Canadian Army engages Picatinny Arsenal for C3 howitzer upgrade

29 January 2014 (Last Updated January 29th, 2014 18:30)

The Royal Canadian Army has partnered with Picatinny Arsenal's Program Executive Office Ammunition (PEO Ammo) engineers for upgrade of its World War II-era C3 howitzer fleet.

C3 howitzer

The Royal Canadian Army has partnered with Picatinny Arsenal's Program Executive Office Ammunition (PEO Ammo) engineers for upgrade of its World War II-era C3 howitzer fleet.

With support from Armament Research, Development and Engineering Center (ARDEC) engineers, the PEO Ammo employees are conducting an analysis of the stresses of the C3 Howitzer in a bid to support its lifecycle.

Canada is planning to extend the service life of the 1950s-built howitzer by an additional ten or 11 years.

Canadian Army Field Artillery Systems Equipment Management team leader major David Lebel said the howitzer has developed some cracks, whose development cannot be explained by the army.

''We need to be able to find solutions without having to ground the fleet for a long amount of time," Lebel said.

ARDEC C3 Evaluation team lead Luke Helsel said the team will conduct a series of tests to determine potential problems that could occur throughout the system over the next year.

"We're going to do analysis to help the Canadian Army find those problems in advance. It helps them better predict areas to target for inspections or to perform upgrades,'' Helsel said.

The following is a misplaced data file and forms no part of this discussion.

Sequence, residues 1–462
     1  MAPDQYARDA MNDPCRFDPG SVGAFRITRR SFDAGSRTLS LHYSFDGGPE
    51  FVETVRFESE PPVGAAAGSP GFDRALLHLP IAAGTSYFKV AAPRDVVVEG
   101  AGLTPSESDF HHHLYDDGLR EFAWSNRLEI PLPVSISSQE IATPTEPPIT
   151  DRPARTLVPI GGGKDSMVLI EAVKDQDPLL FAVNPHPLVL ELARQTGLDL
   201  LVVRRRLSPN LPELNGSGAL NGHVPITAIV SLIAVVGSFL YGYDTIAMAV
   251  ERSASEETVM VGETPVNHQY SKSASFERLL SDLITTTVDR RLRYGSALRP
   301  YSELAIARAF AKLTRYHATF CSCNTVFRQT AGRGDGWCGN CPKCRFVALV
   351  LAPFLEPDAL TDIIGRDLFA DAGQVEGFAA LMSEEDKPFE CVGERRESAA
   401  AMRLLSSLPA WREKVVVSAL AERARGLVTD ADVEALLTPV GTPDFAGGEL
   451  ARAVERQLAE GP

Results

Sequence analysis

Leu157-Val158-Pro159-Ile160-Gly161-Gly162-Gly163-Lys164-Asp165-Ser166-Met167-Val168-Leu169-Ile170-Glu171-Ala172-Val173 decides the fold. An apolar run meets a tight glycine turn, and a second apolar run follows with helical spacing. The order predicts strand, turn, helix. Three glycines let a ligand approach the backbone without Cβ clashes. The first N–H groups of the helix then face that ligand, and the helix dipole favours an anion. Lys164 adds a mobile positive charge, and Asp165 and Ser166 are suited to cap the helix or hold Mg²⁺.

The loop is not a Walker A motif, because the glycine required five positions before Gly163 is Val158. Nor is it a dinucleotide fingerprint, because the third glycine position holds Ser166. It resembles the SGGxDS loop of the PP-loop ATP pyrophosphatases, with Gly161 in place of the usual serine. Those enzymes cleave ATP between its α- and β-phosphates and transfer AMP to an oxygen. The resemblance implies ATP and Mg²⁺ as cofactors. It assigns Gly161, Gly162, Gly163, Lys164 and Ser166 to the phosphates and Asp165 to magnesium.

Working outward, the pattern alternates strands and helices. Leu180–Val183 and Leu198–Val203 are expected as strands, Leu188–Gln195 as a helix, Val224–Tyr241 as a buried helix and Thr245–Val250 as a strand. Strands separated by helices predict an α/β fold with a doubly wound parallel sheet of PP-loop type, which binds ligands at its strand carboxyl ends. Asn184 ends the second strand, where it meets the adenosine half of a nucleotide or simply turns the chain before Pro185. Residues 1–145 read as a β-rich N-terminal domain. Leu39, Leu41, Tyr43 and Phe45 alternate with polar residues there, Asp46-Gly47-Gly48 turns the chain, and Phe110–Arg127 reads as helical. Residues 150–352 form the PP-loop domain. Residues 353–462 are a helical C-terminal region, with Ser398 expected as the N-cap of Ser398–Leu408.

"We need to be able to find solutions without having to ground the fleet for a long amount of time."

A howitzer was recently transferred to Aberdeen Proving Ground, Maryland, for mobility trials, during which the engineers will instrument the gun with strain gauges to measure the amount of metal being pulled while towing the gun, apart from towing the gun around a series of courses over hills and other terrain.

The data will be used to virtually predict the nature of strain throughout the whole carriage, according to Hesel, who also noted: "After that, we can come back and figure out where we think the other high strain areas are and perform another test to confirm our analysis."

The howitzer is scheduled to be transferred to Yuma Proving Ground, Arizona, for firing trials in April 2014.

The C3 howitzers are primarily used by the Canadian Army for training, and also for avalanche control in the snow-covered mountains.


Image: Canadian Army Lifecycle 105 mm Howitzer Fleets material manager explains ARDEC how to conduct maintenance on the C3 howitzer. Photo: courtesy of Todd Mozes.

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